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Time stands still for nobody: how visiting home can teach us about change

Time stands still for nobody: how visiting home can teach us about change

Home may have changed while you were gone

Often times we find that some stores or restaurants that we once loved have closed. Or, perhaps some of our favorite foods have been discontinued at the grocery store. Yet, every so often it feels like something is missing but we can’t put our finger on it. It isn’t anything concrete. It’s just that some things aren’t as we remember them.

Part of this feeling may stem from romanticizing home in a way that made it more than it actually was. We tend to paint our memories with more color that what was actually present. This can create a letdown feeling when we visit home because things just don’t quite live up to how we remembered them.

Then, there are actual things that may have changed since we left. Changes could have occurred in local or federal law, there could be modifications in social norms, or the members of our extended family may have changed due to death or divorce. Time marches on for everybody and everything. Our minds take a photograph of our last visit and keep that as a reference until we return and make new mental photos. It’s only normal that we find differences between the new and old pictures.

We may have changed while we were gone

The changes within ourselves are perhaps more significant than the changes that happened at home while we were gone. Our children have grown and developed. They most likely have been heavily influenced by the culture that they are being raised in because they have a very short personal history. People at home may marvel at how our children have changed both physically and socially.

We may have changed too. The experiences we have living in a different culture, perhaps among a different language, and within a different society may have changed us in small, unperceivable ways that only become visible when we return home. Maybe living abroad has made us slightly more aggressive or more passive. We may be a more confident driver or manage conflict better. Or, possibly we see beauty in more things and have a more grateful heart.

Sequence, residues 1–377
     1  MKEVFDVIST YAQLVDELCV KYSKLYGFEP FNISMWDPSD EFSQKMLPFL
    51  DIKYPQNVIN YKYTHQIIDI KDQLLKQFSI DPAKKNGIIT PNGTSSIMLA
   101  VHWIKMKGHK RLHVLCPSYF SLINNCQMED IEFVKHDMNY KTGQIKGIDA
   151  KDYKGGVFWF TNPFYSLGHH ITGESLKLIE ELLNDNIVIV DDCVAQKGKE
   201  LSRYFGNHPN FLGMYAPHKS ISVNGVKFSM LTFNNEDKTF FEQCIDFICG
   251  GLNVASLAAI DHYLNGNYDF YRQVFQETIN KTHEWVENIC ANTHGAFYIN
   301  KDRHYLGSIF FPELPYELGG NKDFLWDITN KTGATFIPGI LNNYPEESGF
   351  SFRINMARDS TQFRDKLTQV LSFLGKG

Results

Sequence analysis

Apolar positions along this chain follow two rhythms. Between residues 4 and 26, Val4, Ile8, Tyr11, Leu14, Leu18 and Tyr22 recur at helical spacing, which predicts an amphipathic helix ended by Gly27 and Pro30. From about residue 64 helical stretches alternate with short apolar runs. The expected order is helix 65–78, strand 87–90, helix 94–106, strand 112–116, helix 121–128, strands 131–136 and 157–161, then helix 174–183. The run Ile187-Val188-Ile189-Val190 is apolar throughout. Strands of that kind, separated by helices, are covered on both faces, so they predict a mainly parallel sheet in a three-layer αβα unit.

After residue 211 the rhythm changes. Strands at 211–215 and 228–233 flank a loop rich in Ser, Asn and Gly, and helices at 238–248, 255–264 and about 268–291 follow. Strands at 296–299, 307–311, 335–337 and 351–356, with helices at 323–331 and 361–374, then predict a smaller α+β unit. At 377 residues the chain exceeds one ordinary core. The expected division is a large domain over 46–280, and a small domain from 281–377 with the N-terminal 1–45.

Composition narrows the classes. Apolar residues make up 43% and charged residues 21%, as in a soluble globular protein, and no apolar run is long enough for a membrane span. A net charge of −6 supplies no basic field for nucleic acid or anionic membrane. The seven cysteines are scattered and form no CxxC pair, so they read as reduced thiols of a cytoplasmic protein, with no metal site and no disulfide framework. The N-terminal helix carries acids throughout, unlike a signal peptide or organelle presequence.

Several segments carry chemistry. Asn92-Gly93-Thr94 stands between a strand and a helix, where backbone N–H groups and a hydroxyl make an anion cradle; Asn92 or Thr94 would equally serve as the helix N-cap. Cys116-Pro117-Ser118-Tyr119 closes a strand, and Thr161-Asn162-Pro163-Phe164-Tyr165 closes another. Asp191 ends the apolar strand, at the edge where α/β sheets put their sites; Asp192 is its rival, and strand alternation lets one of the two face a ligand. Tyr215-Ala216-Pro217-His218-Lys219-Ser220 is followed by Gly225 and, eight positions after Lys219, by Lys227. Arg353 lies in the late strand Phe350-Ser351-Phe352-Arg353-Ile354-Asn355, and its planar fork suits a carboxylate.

Regardless of what the changes are, we become aware of our own development when we see ourselves in our natural habitat. We may take notice of how we feel differently in familiar settings. We may see others treating us differently because they notice our change. Or, we may surprise ourselves with abilities that we didn’t have before we left. The mirror in which we see ourselves becomes crisp and clear.

Then and now: validating the change and using it to feel confident and in control

Not being startled by the change is the first focus we should have. It can easy to see change as a negative occurrence and make a judgment: “Look at how living abroad is making me bossy/sentimental/aggressive/etc. I was more flexible/stronger/more relaxed/etc. before moving.” Yet, in reality, change isn’t inherently good or bad. Change is change. How we use it determines if it is positive for us or not.

The changes that occur in us from living abroad are now part of who we are. Life experiences have been the catalysts of those changes. We lived, we learned, and we changed. That is the extraordinary thing about living. We get the chance to develop and transform ourselves as needed to be the best people we can be. Living abroad has given us the opportunity to flex our change muscle and see what we can still do.

We, along with our families, are acquiring the skills needed to be life-long learners. Change doesn’t scare us into staying in safe situations where we control everything (or believe in that myth). Instead, we have the confidence and ability to take on challenges, meet those challenges, and accept the change within ourselves that is inherent to that process.

Knowledge is power

  • What new information did you learn from this posting? 
  • Did it help you identify something in your family you would like to change? 

Share your experience below and what steps you plan on taking to guide your family.


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Miércoles, 24 Abril 2019

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Dr. Deanna Marie Mason

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